First Church Council: Acts 15
Why did the first church council demand non-Jewish
Christians abstain from idolatry, sexual immorality, the meat
of strangled animals and blood?
- A number of scholars viewed the decision of the Jerusalem
meeting as a compromise between Hellenistic and Jewish cultures,
and a response to contemporary challenges:
- Avoidance of sexual immortality is one of the
ten commandants, as well as avoidance of murder, theft, and false
witness etc. But only sexual immortality was stressed in the
meeting because this was a sin taken slightly by the Greeks and
also associated with certain pagan religious festival (Barker,
1985). In addition, the use of animal blood by humans was a characteristic
of Mithras worship (Larsen, 1994). Larsen suspected that
there were several other mystical religions shared this trait.
- Another piece of evidence for the "challenge
and response" model is the variation of different versions.
In a later edition of the Bible, the Western text, also
known as Codex Bezae, the reference to strangled animals
and blood was omitted (Kummel, 1973). Based upon the Western
text, the decree ruled out only idolatry and sexual immorality.
Harrison (1975) interpreted that in the later period of time
legalism was no longer an issue in the Christian church. Instead
moralism became the major concern and the modification in the
Western text reflects the contemporary problem.
- The changing emphasis of different laws in the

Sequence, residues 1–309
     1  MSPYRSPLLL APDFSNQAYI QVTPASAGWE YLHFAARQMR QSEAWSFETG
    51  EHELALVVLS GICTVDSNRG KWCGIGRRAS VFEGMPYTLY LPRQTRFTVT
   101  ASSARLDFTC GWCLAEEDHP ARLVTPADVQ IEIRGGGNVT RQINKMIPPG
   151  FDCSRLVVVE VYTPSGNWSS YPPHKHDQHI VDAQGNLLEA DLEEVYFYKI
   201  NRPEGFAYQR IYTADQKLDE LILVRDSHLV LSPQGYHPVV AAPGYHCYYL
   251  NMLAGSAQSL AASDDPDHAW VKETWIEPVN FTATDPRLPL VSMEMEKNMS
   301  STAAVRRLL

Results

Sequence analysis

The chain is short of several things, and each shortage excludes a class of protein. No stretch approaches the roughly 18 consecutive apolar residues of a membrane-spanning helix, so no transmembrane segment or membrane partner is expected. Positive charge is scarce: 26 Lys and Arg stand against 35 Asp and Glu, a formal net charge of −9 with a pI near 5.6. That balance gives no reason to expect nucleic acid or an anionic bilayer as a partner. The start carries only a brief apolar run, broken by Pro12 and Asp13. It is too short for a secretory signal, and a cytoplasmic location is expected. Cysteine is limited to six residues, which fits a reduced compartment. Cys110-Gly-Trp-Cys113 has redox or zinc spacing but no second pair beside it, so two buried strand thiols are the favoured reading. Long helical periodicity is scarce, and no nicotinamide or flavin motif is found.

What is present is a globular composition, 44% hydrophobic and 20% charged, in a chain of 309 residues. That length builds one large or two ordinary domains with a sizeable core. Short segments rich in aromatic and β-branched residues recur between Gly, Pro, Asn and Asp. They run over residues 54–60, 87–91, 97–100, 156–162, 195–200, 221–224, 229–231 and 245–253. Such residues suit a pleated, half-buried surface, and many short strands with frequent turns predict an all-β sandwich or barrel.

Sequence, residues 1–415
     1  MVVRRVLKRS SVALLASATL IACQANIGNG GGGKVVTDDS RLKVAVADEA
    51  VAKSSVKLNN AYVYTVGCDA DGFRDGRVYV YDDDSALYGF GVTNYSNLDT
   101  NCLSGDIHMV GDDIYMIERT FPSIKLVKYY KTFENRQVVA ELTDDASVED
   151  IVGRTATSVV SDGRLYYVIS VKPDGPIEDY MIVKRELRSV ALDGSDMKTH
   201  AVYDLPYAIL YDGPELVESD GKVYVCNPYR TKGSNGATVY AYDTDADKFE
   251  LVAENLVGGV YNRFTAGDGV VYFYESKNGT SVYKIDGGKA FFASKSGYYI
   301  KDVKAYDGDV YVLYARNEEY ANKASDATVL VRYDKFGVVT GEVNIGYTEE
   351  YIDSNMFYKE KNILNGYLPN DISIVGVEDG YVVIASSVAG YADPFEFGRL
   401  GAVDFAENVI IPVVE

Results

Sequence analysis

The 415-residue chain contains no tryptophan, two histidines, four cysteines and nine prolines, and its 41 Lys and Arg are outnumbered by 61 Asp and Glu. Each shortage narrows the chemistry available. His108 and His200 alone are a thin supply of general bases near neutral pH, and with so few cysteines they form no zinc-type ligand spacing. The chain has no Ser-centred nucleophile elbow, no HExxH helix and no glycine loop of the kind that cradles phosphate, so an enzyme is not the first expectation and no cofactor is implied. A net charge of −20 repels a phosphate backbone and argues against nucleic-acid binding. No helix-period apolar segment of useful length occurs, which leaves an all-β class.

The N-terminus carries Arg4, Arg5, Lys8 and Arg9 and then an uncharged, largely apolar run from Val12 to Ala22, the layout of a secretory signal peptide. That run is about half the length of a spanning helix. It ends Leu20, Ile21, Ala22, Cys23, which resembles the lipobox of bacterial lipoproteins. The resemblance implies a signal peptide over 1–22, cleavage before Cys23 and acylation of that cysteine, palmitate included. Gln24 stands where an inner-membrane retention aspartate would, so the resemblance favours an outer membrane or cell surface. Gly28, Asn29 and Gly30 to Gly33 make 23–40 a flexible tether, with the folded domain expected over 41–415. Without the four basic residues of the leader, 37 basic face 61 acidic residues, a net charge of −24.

Jewish circle also indicates laws as a response to contemporary
problems. There was a severe repression following the crushing
of the Bar-Kokhba revolt (A. D. 135). The rabbis of Lydda
announced that if the life of a Jew is endangered, he might break
any of the commandments except sexual immorality, murder and idolatry
(Bruce, 1988). At that time survival was the ultimate concern
and thus the ban on eating blood was put aside.
Was the prohibition of eating blood mentioned
in Gen. 9: 4 applied to all mankind?
Anderson, G. W. (1966). The history and religion
of Israel. Oxford: Oxford University Press.
Baker, K. (1985). The NIV Study Bible. Grand
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Bruce, F. F. (1988). Book of the Acts. Grand
Rapid, MI: William B. Eerdmans.
Harrison, E. F. (1975). Interpreting Acts: The
expanding church. Grand Rapids, MI: Zondervan.
Heinsohn, G. (1992). The rise of blood sacrifice
and Priest-Kingship in Mesopotamia: A 'Cosmic Decree'? Religion:
A Journal of Religion and Religions, 22, 109-134.
Kummel, W. G. (1973). Introduction to the New
Testament. Heideberg: Quelle and Meyer.
Larsen, C. (1994, October). First church council.
America Online: Christian History Discussion.
Stein, William (1994, October). About first church